The second important feature of the 1993 law was the definition of child pornography–crucial because it defines exactly what can’t be possessed. Here’s the definition:

“(1) In this section, ‘child pornography’ means
(a) a photographic, film, video or other visual representation, whether or not it was made by electronic or mechanical means,
(i) that shows a person who is or is depicted as being under the age of 18 years and is engaged in or is depicted as engaged in explicit sexual activity, or
(ii) the dominant characteristic of which is the depiction, for a sexual purpose, of a sexual organ or the anal region of a person under the age of 18 years; or
(b) any written material or visual representation that advocates or counsels sexual activity with a person under the age of 18 years that would be an offence under [the Criminal Code].”

If the child pornography law simply said, “It’s illegal to possess any photographic representation of children engaged in explicit sexual acts where a sexual offense against actual children was required in the production of the
representation,” there wouldn’t be (so) much of a problem. That is, if we need a possession law at all (an arguable proposition), it ought to be one that is extremely precise (given the novelty of criminalising possession of expressive materials) and that catches representations of actual children being abused, not imaginary children, or adults who look like children, or dubious nude photos, or teenagers doing what teenagers eventually do, or writings that say this or that. The narrow definition (pics of actual sexually abused children under 14) was, roughly, the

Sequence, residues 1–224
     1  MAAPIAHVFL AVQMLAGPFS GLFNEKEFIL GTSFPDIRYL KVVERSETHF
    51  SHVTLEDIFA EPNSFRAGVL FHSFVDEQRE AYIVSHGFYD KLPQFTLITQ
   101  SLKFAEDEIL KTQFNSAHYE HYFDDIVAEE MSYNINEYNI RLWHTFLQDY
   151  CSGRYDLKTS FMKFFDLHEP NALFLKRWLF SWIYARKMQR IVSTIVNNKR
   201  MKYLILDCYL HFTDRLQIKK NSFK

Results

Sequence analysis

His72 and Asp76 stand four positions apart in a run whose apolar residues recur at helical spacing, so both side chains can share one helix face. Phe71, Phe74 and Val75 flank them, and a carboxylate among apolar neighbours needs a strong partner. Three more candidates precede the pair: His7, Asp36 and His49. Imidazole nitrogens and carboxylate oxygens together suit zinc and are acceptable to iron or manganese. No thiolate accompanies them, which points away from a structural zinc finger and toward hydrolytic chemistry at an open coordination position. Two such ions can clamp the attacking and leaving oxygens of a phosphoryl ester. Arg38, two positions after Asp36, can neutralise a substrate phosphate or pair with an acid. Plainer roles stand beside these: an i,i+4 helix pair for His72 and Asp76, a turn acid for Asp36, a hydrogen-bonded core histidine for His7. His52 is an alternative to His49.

definition proposed within the federal ministry of justice when the law was being crafted, and the definition endorsed by various civil liberties organizations.